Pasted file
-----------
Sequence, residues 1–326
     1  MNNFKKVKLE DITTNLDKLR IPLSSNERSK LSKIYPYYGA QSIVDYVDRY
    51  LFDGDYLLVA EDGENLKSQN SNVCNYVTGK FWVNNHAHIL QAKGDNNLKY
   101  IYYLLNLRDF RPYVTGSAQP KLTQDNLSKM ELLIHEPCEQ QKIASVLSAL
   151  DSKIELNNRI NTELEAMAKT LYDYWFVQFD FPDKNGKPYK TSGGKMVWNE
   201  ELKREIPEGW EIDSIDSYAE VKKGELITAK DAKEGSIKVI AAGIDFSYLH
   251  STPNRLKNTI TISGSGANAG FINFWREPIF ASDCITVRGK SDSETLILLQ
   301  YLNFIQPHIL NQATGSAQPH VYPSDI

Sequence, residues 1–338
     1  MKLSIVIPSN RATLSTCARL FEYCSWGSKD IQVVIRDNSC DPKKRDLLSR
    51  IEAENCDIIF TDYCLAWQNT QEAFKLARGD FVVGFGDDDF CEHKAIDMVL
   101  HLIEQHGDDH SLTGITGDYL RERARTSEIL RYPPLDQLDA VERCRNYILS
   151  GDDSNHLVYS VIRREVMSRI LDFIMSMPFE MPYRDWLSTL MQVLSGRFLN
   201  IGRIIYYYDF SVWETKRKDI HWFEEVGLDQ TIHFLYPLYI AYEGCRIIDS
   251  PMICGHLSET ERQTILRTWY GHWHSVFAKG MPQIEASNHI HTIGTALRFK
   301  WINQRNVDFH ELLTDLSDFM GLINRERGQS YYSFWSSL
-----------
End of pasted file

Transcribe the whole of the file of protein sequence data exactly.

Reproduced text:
Sequence, residues 1–326
     1  MNNFKKVKLE DITTNLDKLR IPLSSNERSK LSKIYPYYGA QSIVDYVDRY
    51  LFDGDYLLVA EDGENLKSQN SNVCNYVTGK FWVNNHAHIL QAKGDNNLKY
   101  IYYLLNLRDF RPYVTGSAQP KLTQDNLSKM ELLIHEPCEQ QKIASVLSAL
   151  DSKIELNNRI NTELEAMAKT LYDYWFVQFD FPDKNGKPYK TSGGKMVWNE
   201  ELKREIPEGW EIDSIDSYAE VKKGELITAK DAKEGSIKVI AAGIDFSYLH
   251  STPNRLKNTI TISGSGANAG FINFWREPIF ASDCITVRGK SDSETLILLQ
   301  YLNFIQPHIL NQATGSAQPH VYPSDI

Sequence, residues 1–338
     1  MKLSIVIPSN RATLSTCARL FEYCSWGSKD IQVVIRDNSC DPKKRDLLSR
    51  IEAENCDIIF TDYCLAWQNT QEAFKLARGD FVVGFGDDDF CEHKAIDMVL
   101  HLIEQHGDDH SLTGITGDYL RERARTSEIL RYPPLDQLDA VERCRNYILS
   151  GDDSNHLVYS VIRREVMSRI LDFIMSMPFE MPYRDWLSTL MQVLSGRFLN
   201  IGRIIYYYDF SVWETKRKDI HWFEEVGLDQ TIHFLYPLYI AYEGCRIIDS
   251  PMICGHLSET ERQTILRTWY GHWHSVFAKG MPQIEASNHI HTIGTALRFK
   301  WINQRNVDFH ELLTDLSDFM GLINRERGQS YYSFWSSL